Dear Readers, Welcome to Oracle DBA Interview Questions and Answers have been designed specially to get you acquainted with the nature of questions you may encounter during your Job interview for the subject of Oracle DBA. These Oracle DBA Questions are very important for campus placement test and job interviews. As per my experience good interviewers hardly plan to ask any particular questions during your Job interview and these model questions are asked in the online technical test and interview of many IT companies.
If we are getting any issue regarding database while performing any activity we should check alert log file in dump destination.. The four common error we find in alert.log are:
Deadlock Errors (ORA-00060), Oracle Internal errors, Backup and recovery errors, Snapshot too old error (O1555)
PCT-FREE is a block storage it uses to mention how much space should be left in database block for future updates (updating the records eg. previously name Smith after that we will update the name as Smith Taylor). If mention PCTFREE as 10, oracle will adding the new rows to block up to 90% it allows 10% for future updates.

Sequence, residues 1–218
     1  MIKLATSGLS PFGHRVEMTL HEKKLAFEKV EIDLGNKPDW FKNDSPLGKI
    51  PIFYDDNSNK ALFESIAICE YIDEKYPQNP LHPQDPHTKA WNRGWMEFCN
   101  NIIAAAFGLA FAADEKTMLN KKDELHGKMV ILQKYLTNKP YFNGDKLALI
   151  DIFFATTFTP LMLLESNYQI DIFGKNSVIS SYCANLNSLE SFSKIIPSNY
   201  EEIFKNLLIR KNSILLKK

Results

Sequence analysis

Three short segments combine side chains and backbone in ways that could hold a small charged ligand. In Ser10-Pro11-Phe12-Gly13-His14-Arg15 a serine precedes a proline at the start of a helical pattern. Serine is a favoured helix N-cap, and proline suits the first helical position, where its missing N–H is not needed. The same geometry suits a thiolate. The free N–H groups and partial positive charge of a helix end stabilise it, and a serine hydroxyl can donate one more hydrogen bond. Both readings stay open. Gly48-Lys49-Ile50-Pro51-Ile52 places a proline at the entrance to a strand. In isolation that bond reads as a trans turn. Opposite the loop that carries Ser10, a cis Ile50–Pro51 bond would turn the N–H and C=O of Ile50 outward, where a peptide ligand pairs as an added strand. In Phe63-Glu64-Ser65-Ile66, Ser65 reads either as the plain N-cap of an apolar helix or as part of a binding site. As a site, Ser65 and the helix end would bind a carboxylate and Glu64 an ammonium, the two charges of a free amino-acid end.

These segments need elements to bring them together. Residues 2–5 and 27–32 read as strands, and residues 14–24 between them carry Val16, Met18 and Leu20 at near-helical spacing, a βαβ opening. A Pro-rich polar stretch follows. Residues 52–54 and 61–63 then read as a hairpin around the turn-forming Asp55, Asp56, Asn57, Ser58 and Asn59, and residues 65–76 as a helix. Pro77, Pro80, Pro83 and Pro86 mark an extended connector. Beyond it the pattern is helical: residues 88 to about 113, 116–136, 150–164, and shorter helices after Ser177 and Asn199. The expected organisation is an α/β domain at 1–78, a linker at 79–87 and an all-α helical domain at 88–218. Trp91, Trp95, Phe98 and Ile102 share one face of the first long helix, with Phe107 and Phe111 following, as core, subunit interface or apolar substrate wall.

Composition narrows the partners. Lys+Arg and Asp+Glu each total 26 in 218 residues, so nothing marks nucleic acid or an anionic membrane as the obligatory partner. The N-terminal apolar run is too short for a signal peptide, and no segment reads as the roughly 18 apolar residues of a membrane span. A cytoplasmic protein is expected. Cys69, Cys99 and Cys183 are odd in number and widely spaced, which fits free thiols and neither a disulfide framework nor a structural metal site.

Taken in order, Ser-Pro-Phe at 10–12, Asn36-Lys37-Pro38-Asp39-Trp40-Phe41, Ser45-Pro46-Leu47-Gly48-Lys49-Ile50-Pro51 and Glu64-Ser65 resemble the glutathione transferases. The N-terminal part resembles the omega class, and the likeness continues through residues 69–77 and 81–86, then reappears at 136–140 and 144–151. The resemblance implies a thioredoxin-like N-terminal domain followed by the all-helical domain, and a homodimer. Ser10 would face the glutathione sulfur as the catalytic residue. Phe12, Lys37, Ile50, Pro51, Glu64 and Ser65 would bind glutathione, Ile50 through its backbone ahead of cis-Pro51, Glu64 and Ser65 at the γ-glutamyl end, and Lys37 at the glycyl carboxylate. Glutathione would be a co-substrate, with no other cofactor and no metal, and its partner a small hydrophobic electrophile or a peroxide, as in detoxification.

If the PCT used was set to 60 this means if the data inside the block is 60 it is FULL and if the data inside the block is 59 it is Empty.
This is the parameter which specify in percent that a block can only used for insert or come in the free list(list of blocks in segment ready for insert operation) when used space in a block is less than PCTUSED.
Suppose value of pctused is 40 and pctfree is 20 then data can be inserted till 80 of the block directly. And suppose the used space is 60 and some one has perform a delete operation in a row in the same block which brings the used space to 50 .Now one cannot insert any record in the same block unless the used space comes down below 40 i.e. pctused.